Opioid analgesics, such as morphine and hydrocodone, are widely used for the treatment of moderate to severe pain but are also widely misused and abused. Opioid-related overdoses account for almost half of all drug overdose deaths in the United States and cause more preventable deaths every year than car crashes. Fentanyl, a highly potent mu opioid receptor (MOR) agonist, and its analogues (fentalogs) are increasingly found in drug samples from search and seizure by law enforcement and are thought to contribute to the drastic increase in opioid-induced overdose deaths since 2016. In fact, the number of deaths and drug seizures involving fentalogs is likely an underestimate, as the rapid rate at which new fentalogs are synthesized makes it difficult for law enforcement and forensic specialists to keep up. As many of these compounds are novel analogs, very little is known about their basic pharmacology in terms of receptor affinity or activity at the opioid receptors. The objective of this proposal is to evaluate novel fentalogs, many of which have been identified in illicit samples, in terms of binding affinity and receptor function at the three classical opioid receptors: MOR, the delta opioid receptor (DOR), and the kappa opioid receptor (KOR). This will be accomplished using standard competitive radioactive ligand binding and G protein turnover assays. The ability of a standard rescue therapy, naloxone (trade name Evzio or Narcan), to reverse the agonist activity of the most potent and efficacious fentalogs will also be examined; real time cAMP accumulation will be used to determine agonist function and reversal by antagonists, such as naloxone. The overarching hypothesis is that many of these novel fentalogs are more potent and efficacious than traditional opioid agonists and that standard treatments for opioid overdose may be insufficient when fentalogs are involved. Overall, this project will characterize the in vitro pharmacological properties of novel fentalogs found in street drugs and has the potential to inform best practices for preventing opioid overdose and related deaths.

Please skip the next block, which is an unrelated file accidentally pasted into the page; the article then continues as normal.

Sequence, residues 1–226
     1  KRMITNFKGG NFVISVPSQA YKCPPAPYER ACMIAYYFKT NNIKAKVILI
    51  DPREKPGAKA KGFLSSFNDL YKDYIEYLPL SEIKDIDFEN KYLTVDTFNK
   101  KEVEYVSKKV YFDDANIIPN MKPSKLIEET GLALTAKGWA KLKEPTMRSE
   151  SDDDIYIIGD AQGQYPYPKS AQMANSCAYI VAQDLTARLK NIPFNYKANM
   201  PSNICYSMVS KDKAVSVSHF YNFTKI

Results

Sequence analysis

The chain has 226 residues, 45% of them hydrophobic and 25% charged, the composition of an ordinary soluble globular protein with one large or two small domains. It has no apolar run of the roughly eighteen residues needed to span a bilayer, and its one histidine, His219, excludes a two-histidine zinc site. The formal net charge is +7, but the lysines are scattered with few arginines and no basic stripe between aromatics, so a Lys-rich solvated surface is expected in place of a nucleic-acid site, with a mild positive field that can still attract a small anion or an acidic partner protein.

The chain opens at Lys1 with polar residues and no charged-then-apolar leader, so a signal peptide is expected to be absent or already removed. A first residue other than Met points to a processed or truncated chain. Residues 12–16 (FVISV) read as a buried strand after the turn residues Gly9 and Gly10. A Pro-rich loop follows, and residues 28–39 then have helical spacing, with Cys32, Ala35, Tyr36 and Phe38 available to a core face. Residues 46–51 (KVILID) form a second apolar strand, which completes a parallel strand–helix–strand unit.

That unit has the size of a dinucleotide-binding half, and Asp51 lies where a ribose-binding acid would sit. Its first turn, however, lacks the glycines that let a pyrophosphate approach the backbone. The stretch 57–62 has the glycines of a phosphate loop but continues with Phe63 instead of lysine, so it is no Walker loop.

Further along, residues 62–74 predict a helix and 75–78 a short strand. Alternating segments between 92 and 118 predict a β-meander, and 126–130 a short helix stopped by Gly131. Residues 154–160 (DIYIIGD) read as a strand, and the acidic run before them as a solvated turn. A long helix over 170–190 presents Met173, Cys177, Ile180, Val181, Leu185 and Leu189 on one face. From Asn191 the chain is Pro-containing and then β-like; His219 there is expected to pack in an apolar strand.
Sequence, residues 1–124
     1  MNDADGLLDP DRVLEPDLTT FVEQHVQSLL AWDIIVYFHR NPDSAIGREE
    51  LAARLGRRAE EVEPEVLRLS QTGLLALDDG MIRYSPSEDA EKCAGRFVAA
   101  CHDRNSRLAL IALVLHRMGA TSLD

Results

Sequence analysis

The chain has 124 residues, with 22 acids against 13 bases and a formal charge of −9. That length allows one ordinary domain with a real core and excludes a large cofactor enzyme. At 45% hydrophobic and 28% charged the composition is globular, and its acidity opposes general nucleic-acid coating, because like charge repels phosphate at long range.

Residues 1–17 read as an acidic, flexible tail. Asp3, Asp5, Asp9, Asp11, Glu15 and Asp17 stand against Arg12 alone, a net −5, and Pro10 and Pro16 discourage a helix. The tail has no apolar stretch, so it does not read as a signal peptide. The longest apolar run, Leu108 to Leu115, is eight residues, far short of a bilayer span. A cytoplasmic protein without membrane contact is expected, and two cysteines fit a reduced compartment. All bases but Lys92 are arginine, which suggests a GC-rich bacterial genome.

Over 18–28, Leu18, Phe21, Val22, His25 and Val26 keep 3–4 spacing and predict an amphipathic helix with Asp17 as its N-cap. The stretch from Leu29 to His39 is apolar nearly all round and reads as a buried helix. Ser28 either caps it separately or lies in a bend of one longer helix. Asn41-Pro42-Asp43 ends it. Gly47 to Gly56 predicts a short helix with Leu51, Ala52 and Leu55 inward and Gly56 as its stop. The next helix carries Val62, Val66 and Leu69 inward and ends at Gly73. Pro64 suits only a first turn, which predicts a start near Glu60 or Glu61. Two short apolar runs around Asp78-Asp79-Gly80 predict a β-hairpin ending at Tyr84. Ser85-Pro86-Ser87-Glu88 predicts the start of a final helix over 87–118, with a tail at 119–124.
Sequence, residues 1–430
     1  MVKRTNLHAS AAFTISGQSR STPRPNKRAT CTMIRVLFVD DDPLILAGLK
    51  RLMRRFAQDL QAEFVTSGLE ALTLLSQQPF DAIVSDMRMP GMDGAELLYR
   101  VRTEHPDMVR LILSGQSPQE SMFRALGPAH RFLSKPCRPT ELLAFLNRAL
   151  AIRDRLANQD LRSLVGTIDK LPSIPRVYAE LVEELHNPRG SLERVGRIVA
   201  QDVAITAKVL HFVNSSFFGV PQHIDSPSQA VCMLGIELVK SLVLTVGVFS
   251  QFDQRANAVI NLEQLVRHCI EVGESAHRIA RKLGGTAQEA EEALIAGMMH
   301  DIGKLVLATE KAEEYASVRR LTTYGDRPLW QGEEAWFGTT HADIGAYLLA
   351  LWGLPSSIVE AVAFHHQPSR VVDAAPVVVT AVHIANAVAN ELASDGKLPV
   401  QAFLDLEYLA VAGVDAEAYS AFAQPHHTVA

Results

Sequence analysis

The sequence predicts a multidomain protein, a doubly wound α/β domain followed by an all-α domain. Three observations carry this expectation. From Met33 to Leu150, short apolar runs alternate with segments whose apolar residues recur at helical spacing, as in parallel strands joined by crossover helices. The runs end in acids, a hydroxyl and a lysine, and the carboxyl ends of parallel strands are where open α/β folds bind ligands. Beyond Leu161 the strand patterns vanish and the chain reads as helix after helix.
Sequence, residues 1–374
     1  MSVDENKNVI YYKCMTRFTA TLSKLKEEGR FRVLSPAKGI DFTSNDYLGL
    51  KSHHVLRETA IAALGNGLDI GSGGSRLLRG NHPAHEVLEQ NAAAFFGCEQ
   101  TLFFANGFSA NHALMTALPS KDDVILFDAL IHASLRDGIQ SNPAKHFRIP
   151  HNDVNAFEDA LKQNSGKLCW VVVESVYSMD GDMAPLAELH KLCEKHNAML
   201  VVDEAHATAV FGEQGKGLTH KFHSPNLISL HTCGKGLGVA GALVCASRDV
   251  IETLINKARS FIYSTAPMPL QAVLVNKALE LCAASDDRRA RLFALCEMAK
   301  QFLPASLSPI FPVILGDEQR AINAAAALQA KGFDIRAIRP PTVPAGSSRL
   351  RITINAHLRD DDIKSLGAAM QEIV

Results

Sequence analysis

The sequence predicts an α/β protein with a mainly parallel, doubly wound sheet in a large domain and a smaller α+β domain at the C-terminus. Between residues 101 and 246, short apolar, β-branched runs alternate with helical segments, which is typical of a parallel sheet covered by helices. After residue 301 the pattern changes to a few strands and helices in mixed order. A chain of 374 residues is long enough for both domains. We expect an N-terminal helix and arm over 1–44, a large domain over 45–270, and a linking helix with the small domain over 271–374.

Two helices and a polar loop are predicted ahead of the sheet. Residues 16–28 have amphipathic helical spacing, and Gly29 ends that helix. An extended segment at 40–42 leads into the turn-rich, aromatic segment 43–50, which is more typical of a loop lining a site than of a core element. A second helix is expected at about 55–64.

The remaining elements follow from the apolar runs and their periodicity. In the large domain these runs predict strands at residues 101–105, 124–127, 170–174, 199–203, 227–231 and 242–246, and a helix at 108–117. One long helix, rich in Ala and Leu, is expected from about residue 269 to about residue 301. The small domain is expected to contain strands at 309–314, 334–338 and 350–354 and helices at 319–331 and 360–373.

Opioid-related overdoses account for more than half of all drug related deaths and are a major cause of preventable death in the United States. Fentanyl and its analogs (fentalogs) are increasingly found in seized drug samples and are thought to contribute to the recent rise in opioid-related deaths, though little is known about their pharmacological properties. This project will examine the pharmacology of novel fentalogs and assess the ability of standard rescue therapies to reverse fentalog overdose.